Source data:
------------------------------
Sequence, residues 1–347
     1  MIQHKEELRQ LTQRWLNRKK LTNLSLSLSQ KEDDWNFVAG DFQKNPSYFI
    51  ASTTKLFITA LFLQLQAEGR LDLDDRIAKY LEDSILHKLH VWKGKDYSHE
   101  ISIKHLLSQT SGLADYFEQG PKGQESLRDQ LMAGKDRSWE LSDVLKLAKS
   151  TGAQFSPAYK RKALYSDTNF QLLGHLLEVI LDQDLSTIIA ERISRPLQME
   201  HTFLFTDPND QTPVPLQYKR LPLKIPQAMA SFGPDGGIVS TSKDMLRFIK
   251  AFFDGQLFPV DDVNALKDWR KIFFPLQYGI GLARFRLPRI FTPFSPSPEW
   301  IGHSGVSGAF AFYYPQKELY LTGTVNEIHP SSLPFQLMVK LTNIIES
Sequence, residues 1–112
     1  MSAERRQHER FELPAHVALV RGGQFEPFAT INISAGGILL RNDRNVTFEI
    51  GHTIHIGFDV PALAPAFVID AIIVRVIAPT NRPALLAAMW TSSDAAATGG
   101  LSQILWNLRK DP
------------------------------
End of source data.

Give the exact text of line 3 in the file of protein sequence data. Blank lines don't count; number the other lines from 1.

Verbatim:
    51  ASTTKLFITA LFLQLQAEGR LDLDDRIAKY LEDSILHKLH VWKGKDYSHE